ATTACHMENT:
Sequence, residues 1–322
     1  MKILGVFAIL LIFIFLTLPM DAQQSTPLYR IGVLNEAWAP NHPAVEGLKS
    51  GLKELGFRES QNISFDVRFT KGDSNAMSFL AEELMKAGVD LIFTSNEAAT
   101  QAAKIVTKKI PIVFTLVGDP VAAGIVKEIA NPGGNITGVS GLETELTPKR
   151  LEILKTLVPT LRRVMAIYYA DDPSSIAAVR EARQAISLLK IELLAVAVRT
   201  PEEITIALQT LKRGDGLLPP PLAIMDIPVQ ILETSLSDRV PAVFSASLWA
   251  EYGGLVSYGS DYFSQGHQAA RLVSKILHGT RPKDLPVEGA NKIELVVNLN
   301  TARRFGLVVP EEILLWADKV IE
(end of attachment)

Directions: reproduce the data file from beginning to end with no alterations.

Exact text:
Sequence, residues 1–322
     1  MKILGVFAIL LIFIFLTLPM DAQQSTPLYR IGVLNEAWAP NHPAVEGLKS
    51  GLKELGFRES QNISFDVRFT KGDSNAMSFL AEELMKAGVD LIFTSNEAAT
   101  QAAKIVTKKI PIVFTLVGDP VAAGIVKEIA NPGGNITGVS GLETELTPKR
   151  LEILKTLVPT LRRVMAIYYA DDPSSIAAVR EARQAISLLK IELLAVAVRT
   201  PEEITIALQT LKRGDGLLPP PLAIMDIPVQ ILETSLSDRV PAVFSASLWA
   251  EYGGLVSYGS DYFSQGHQAA RLVSKILHGT RPKDLPVEGA NKIELVVNLN
   301  TARRFGLVVP EEILLWADKV IE